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Economic and Cultural Forces in the Child Labour Debate: Evidence from Urban Bangladesh


  • E. delap


The relative influence of economic and cultural forces is a key area of debate amongst those exploring the causes of child work, and in wider discourse on household labour deployment. Data from Dhaka slums suggest that household poverty and income stability are important economic determinants of children's work. However, economic forces alone cannot explain child-work deployment. Evidence on the availability of adult household members to replace child contributions, and on gender and age differentials in household labour deployment, point towards the importance of cultural factors. Key cultural determinants of children's work include gender norms, age subordination and the cultural importance of avoiding idleness.

Suggested Citation

  • E. delap, 2001. "Economic and Cultural Forces in the Child Labour Debate: Evidence from Urban Bangladesh," Journal of Development Studies, Taylor & Francis Journals, vol. 37(4), pages 1-22.
  • Handle: RePEc:taf:jdevst:v:37:y:2001:i:4:p:1-22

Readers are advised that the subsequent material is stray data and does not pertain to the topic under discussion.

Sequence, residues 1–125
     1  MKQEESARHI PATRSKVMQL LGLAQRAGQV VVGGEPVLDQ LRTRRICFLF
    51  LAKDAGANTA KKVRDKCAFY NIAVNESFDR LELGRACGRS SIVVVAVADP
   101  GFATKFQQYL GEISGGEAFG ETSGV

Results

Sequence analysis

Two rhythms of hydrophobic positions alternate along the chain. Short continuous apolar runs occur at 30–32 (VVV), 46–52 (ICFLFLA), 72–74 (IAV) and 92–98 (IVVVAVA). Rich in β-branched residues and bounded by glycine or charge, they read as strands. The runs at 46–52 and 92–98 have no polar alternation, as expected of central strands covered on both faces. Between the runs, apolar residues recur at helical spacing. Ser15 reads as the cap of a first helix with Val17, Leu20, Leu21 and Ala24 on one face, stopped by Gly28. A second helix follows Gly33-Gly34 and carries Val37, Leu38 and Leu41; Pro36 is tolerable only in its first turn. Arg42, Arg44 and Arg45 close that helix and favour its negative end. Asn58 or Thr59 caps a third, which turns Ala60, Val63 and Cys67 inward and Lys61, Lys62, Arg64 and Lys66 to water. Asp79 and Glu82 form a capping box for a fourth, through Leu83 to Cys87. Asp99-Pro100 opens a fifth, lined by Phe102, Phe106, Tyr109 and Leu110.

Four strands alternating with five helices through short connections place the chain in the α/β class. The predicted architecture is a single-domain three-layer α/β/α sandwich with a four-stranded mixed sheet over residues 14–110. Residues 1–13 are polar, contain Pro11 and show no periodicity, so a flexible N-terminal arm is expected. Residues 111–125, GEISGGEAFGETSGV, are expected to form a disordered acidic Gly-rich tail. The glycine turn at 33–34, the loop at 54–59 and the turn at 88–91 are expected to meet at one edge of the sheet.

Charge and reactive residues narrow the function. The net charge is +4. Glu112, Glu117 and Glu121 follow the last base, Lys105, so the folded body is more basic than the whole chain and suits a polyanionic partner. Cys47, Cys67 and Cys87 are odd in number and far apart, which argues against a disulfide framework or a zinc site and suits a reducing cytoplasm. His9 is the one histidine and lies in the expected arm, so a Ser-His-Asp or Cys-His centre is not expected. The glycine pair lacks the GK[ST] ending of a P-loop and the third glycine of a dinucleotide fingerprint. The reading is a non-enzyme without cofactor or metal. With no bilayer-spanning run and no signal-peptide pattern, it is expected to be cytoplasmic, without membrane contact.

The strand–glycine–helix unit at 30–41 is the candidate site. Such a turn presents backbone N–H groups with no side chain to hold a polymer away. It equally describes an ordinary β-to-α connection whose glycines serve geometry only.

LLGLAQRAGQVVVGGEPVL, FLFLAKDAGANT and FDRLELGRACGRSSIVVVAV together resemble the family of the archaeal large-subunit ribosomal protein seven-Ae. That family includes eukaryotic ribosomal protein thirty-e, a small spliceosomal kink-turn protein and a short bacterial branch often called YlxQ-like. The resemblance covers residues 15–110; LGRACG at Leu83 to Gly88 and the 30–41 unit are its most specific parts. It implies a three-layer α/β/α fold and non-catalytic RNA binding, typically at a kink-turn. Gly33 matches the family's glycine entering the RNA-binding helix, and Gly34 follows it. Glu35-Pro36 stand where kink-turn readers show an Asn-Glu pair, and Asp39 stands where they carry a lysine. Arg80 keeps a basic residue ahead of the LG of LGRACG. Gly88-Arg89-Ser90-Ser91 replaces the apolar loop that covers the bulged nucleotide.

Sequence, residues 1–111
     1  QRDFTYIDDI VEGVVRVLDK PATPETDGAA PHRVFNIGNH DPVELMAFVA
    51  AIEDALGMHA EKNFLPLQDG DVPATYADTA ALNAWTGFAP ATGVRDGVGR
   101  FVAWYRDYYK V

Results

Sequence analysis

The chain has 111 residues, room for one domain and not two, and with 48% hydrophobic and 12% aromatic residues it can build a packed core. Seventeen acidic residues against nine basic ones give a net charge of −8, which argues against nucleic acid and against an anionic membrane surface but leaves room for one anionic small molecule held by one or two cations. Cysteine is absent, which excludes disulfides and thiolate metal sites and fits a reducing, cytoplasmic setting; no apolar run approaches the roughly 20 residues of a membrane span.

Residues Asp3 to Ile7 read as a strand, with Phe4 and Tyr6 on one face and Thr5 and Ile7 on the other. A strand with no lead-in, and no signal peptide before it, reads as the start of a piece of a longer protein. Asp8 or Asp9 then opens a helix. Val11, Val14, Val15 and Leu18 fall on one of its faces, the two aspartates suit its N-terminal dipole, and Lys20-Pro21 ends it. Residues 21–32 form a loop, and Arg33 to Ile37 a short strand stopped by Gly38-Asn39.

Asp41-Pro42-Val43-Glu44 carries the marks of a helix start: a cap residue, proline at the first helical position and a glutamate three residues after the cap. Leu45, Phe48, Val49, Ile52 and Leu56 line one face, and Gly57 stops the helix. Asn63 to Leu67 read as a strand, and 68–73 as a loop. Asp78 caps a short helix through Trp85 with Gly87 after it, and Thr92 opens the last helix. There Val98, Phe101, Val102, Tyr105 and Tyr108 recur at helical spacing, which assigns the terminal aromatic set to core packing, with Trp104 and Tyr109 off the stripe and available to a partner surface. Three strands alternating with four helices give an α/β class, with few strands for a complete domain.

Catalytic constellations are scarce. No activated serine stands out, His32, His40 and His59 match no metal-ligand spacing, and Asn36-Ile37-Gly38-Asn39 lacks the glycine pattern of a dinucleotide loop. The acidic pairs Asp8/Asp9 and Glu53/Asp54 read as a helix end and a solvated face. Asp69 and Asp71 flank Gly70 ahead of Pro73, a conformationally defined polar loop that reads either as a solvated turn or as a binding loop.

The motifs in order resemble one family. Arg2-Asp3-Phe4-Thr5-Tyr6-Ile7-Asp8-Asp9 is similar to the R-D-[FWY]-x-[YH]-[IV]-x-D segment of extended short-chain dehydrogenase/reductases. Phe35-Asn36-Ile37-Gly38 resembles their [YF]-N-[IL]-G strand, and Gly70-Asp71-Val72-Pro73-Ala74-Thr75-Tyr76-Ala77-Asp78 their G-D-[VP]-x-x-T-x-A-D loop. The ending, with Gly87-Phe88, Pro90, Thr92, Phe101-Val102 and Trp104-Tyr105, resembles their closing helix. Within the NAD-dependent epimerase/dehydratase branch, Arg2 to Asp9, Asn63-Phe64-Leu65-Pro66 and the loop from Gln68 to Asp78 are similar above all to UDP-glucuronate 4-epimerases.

DOI: 10.1080/00220380412331322021

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    Citations are extracted by the CitEc Project, subscribe to its RSS feed for this item.

    Cited by:

    1. Naomi Hossain, 2009. "School Exclusion as Social Exclusion: The Practices And Effects of Conditional Cash Transfer Programme for the Poor in Bangladesh," Working Papers id:2177, eSocialSciences.
    2. Ellen Webbink & Jeroen Smits & Eelke Jong, 2013. "Household and Context Determinants of Child Labor in 221 Districts of 18 Developing Countries," Social Indicators Research: An International and Interdisciplinary Journal for Quality-of-Life Measurement, Springer, vol. 110(2), pages 819-836, January.
    3. Stephen Bazen & Claire Salmon, 2010. "The impact of parental health on child labor: the case of Bangladesh," Economics Bulletin, AccessEcon, vol. 30(4), pages 2549-2557.
    4. Khanam, Rasheda, 2006. "Child labour and school attendance: evidence from Bangladesh," MPRA Paper 6990, University Library of Munich, Germany, revised 2007.


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